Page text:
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Maternal healthcare desert is a top interim issue for a committee but are struggling to find concrete solutions to introduce

Two men in suits with black laptops look up ahead. There is a white wall behind them and two placards in front of each laptop reading Senator Baldwin and Representative Zwonitzer.
Wyoming Legislature Youtube Page
Sen. Baldwin and Rep. Zwonitzer listen to someone speaking at the most recent interim meeting.

Legislators are struggling to come up with a solution to a lack of maternal healthcare in the state. A committee dedicated to addressing the issue came out of a recent meeting with more questions than answers.

Since 2018, three delivery units in Wyoming have shut down, significantly decreasing the number of OBGYNS in the state.

Joint Labor, Health and Social Services Committee Chair Rep. Dan Zwonitzer (R-Cheyenne) didn’t mince words about how difficult it’s been trying to find legal solutions to increase the number of practitioners who can deliver babies.

“We have struggled on some concrete definitive things that we believe we can put out for the 2025 session that'll make a dent and really increase care and help alleviate some of these issues,” he said about halfway through talking about the issue at a recent committee meeting in Pinedale.

The committee spent about an hour and half talking about possible solutions, which included creating a midwife trajectory at a community college, a rural family doctor residency and a regional OB-GYN hub for the state.

The governor’s health policy officer, Jenn Davis, told members the governor created an obstetrics and gynecology subcommittee that was recently combined with the primary care subcommittee to look for solutions. They are looking at what other rural states are doing, plus seeing if there’s an appetite for an OB fellowship through the WWAMI family practice program. WWAMI stands for the states served by the University of Washington School of Medicine: Washington, Wyoming, Alaska, Montana and Idaho.

But when committee members pushed to see some kind of draft policy at their next meeting in August, Davis couldn't promise anything. She agreed that the number of OB-GYNs in the state is concerning.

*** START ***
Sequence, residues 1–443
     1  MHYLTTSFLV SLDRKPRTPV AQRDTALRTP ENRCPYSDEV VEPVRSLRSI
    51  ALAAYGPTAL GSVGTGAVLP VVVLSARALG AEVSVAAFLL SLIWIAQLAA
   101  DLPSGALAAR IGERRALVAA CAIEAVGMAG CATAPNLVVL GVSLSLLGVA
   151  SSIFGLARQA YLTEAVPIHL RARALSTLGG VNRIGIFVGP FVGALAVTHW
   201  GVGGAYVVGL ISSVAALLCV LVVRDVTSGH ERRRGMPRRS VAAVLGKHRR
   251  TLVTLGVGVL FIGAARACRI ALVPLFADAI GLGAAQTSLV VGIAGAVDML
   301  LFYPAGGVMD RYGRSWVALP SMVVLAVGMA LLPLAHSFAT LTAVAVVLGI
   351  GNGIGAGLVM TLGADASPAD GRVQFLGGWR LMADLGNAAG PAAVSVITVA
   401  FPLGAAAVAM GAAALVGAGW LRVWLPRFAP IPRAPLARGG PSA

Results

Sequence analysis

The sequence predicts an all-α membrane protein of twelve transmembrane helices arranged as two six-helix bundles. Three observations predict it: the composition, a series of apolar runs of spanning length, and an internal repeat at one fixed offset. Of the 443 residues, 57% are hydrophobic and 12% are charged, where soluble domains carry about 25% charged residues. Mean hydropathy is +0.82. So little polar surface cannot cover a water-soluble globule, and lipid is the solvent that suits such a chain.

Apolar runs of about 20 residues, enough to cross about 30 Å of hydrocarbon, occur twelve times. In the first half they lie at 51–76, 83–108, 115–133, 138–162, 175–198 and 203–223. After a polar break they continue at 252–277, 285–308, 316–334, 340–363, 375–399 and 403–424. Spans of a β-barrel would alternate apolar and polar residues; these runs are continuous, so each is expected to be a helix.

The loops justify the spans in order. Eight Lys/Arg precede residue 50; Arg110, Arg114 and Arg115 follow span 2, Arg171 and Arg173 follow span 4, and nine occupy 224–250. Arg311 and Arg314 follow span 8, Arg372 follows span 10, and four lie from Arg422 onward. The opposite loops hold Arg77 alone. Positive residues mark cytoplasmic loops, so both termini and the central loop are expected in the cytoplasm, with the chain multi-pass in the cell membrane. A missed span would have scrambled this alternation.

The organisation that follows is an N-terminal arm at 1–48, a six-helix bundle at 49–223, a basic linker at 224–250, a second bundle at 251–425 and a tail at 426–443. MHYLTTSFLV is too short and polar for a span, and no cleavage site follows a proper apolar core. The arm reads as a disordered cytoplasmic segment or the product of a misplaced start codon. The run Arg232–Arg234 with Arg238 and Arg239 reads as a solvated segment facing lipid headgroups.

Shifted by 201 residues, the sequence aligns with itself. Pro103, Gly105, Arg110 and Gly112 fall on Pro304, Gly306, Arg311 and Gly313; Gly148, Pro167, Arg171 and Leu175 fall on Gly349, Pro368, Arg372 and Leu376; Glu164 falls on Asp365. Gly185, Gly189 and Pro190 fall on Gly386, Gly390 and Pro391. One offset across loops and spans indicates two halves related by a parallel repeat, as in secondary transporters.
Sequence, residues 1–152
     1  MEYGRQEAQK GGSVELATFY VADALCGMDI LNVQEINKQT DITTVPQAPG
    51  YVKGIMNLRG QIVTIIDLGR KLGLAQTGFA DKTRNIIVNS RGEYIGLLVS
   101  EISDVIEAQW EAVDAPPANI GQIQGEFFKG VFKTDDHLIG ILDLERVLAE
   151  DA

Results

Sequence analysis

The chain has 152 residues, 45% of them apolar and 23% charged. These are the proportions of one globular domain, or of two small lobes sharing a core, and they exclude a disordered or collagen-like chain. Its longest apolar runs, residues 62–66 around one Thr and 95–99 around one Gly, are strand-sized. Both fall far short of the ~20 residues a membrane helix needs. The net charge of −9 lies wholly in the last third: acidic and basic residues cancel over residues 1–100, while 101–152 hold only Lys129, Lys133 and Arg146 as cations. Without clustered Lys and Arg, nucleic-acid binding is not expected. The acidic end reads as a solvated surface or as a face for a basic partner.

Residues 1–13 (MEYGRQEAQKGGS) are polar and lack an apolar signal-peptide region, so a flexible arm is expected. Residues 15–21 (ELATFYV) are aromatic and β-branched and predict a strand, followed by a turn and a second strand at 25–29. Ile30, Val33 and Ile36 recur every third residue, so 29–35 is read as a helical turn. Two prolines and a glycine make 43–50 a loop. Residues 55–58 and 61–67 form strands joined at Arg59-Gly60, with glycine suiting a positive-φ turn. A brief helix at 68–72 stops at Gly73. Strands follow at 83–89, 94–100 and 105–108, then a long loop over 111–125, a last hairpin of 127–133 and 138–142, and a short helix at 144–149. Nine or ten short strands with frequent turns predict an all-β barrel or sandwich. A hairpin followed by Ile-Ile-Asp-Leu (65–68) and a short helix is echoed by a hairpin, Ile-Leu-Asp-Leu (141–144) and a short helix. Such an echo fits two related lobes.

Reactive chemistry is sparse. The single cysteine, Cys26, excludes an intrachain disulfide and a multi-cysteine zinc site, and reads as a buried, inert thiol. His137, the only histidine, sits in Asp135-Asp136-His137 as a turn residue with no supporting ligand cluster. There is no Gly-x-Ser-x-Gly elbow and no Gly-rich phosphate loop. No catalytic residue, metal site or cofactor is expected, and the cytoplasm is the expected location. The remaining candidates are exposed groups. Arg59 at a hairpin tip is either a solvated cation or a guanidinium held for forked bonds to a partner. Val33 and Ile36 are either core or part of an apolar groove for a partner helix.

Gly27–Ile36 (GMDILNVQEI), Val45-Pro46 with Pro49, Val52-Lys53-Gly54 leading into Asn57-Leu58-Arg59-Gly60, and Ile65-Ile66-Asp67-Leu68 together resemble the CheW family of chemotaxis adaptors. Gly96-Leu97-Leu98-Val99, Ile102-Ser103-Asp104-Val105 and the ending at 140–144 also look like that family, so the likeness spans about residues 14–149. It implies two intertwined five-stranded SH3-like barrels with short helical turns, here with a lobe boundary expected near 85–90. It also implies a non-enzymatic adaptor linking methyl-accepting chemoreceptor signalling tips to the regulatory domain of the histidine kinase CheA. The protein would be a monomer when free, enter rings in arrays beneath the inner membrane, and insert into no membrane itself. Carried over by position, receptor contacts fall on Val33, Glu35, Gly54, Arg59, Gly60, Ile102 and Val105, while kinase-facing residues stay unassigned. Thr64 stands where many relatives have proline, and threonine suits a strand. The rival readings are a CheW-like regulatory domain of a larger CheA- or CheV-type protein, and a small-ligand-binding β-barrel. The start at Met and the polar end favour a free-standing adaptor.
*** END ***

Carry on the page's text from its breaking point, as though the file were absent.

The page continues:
Davis said a long term solution is going to take a lot of time because the lack of access to deliver babies is part of a much bigger problem.

“We just simply don't have the amount of practitioners in Wyoming that we need in the space, regardless of whether it's midwives, OBs, family practice. We have a shortage in all,” said Davis.

She told the committee figuring out a short term solution that can address the issue while a long term one is in the works is worth it for Wyoming.

“It's hard to grow our economy if we have a desert of OB-GYN care where you can't have a family,” she said.

But without a clear direction, the committee decided they need to hear more about the issues practicing OB-GYNS and midwives are facing. The committee’s next meeting is at the end of August.

Kamila has worked for public radio stations in California, New York, France and Poland. Originally from New York City, she loves exploring new places. Kamila received her master in journalism from Columbia University. She has won a regional Murrow award for her reporting on mental health and firearm owners. During her time leading the Wyoming Public Media newsroom, reporters have won multiple PMJA, Murrow and Top of the Rockies Excellence in Journalism Awards. In her spare time, she enjoys exploring the surrounding areas with her two pups and husband.

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